# Discrete Statistical Distributions¶

Discrete random variables take on only a countable number of values. The commonly used distributions are included in SciPy and described in this document. Each discrete distribution can take one extra integer parameter: $$L.$$ The relationship between the general distribution $$p$$ and the standard distribution $$p_{0}$$ is

p\left(x\right) = p_{0}\left(x-L\right)

which allows for shifting of the input. When a distribution generator is initialized, the discrete distribution can either specify the beginning and ending (integer) values $$a$$ and $$b$$ which must be such that

p_{0}\left(x\right) = 0\quad x < a \textrm{ or } x > b

in which case, it is assumed that the pdf function is specified on the integers $$a+mk\leq b$$ where $$k$$ is a non-negative integer ( $$0,1,2,\ldots$$ ) and $$m$$ is a positive integer multiplier. Alternatively, the two lists $$x_{k}$$ and $$p\left(x_{k}\right)$$ can be provided directly in which case a dictionary is set up internally to evaluate probabilities and generate random variates.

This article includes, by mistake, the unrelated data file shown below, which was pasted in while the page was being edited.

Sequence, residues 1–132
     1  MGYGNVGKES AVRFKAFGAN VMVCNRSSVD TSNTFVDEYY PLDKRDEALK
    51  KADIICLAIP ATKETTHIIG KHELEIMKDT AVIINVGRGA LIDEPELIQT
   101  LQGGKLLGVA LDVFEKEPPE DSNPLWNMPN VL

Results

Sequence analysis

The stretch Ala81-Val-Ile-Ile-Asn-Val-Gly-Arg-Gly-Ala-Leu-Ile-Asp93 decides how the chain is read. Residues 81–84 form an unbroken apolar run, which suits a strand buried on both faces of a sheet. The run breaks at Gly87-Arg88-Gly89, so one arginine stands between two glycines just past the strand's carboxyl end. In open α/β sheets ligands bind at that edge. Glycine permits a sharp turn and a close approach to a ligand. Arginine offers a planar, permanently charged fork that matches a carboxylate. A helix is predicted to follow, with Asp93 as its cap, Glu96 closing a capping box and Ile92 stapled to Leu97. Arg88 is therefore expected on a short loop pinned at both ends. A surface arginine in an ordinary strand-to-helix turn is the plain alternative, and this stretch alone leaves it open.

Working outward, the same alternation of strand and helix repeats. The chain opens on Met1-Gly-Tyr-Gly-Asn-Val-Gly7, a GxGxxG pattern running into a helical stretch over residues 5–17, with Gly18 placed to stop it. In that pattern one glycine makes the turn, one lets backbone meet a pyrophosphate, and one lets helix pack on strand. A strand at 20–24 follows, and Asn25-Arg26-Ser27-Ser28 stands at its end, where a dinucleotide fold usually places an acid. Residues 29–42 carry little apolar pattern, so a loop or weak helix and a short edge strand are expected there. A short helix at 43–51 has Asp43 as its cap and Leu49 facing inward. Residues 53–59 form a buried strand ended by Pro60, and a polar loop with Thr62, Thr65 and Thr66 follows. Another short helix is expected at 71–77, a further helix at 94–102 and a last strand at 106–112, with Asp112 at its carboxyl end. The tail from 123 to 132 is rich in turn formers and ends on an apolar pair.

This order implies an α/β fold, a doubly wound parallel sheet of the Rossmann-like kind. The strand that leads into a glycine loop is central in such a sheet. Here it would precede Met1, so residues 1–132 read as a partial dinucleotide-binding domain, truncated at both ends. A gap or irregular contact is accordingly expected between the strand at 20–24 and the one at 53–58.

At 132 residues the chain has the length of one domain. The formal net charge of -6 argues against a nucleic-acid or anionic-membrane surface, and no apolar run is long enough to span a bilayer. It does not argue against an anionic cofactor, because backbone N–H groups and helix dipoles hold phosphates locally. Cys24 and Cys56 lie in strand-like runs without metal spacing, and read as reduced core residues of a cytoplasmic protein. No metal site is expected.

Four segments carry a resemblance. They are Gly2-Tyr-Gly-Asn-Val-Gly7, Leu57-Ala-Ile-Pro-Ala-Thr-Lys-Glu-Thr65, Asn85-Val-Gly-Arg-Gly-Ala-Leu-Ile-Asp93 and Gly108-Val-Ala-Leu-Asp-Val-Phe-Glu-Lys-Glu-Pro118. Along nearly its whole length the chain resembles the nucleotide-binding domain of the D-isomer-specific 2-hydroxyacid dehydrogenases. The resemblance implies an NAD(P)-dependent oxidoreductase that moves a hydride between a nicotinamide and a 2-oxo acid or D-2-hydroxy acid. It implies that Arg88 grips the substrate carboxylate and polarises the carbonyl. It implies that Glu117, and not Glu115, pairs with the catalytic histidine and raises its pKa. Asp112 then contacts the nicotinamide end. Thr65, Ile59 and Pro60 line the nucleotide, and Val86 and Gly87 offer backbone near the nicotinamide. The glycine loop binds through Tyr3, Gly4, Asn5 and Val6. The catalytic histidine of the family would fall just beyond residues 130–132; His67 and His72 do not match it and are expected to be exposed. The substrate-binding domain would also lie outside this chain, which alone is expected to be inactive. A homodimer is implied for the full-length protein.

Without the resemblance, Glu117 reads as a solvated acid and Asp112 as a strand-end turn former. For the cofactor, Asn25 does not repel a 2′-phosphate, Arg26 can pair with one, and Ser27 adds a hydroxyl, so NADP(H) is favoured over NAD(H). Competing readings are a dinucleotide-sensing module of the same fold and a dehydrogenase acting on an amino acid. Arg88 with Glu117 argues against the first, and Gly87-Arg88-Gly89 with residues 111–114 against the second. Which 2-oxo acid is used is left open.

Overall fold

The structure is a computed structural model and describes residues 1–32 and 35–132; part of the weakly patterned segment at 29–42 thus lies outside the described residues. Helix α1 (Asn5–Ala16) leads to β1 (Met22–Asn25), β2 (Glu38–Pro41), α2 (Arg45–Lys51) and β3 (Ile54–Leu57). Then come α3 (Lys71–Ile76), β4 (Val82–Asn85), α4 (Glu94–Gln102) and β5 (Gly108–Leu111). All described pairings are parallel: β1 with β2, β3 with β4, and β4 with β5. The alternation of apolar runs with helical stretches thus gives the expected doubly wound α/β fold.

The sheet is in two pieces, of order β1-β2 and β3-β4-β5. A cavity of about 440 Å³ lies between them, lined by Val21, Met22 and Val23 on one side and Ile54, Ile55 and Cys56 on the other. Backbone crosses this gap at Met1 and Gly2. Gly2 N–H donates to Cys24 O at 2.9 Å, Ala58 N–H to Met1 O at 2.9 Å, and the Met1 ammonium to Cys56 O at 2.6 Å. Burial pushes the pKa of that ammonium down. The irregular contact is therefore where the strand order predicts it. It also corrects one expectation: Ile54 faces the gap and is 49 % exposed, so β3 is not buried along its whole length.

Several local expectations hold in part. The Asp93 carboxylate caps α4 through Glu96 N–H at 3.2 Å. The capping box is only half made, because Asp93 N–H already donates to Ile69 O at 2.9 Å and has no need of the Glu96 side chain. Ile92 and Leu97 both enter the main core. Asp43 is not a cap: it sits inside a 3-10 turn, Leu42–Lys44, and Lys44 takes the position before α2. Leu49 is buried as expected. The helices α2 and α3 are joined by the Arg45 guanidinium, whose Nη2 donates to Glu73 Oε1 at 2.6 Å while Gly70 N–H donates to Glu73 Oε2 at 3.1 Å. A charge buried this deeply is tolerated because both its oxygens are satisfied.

## Probability Mass Function (PMF)¶

The probability mass function of a random variable X is defined as the probability that the random variable takes on a particular value.

p\left(x_{k}\right)=P\left[X=x_{k}\right]

This is also sometimes called the probability density function, although technically

f\left(x\right)=\sum_{k}p\left(x_{k}\right)\delta\left(x-x_{k}\right)

is the probability density function for a discrete distribution  .

  XXX: Unknown layout Plain Layout: Note that we will be using $$p$$ to represent the probability mass function and a parameter (a XXX: probability). The usage should be obvious from context.

## Cumulative Distribution Function (CDF)¶

The cumulative distribution function is

F\left(x\right)=P\left[X\leq x\right]=\sum_{x_{k}\leq x}p\left(x_{k}\right)

and is also useful to be able to compute. Note that

F\left(x_{k}\right)-F\left(x_{k-1}\right)=p\left(x_{k}\right)

## Survival Function¶

The survival function is just

S\left(x\right)=1-F\left(x\right)=P\left[X>k\right]

the probability that the random variable is strictly larger than $$k$$ .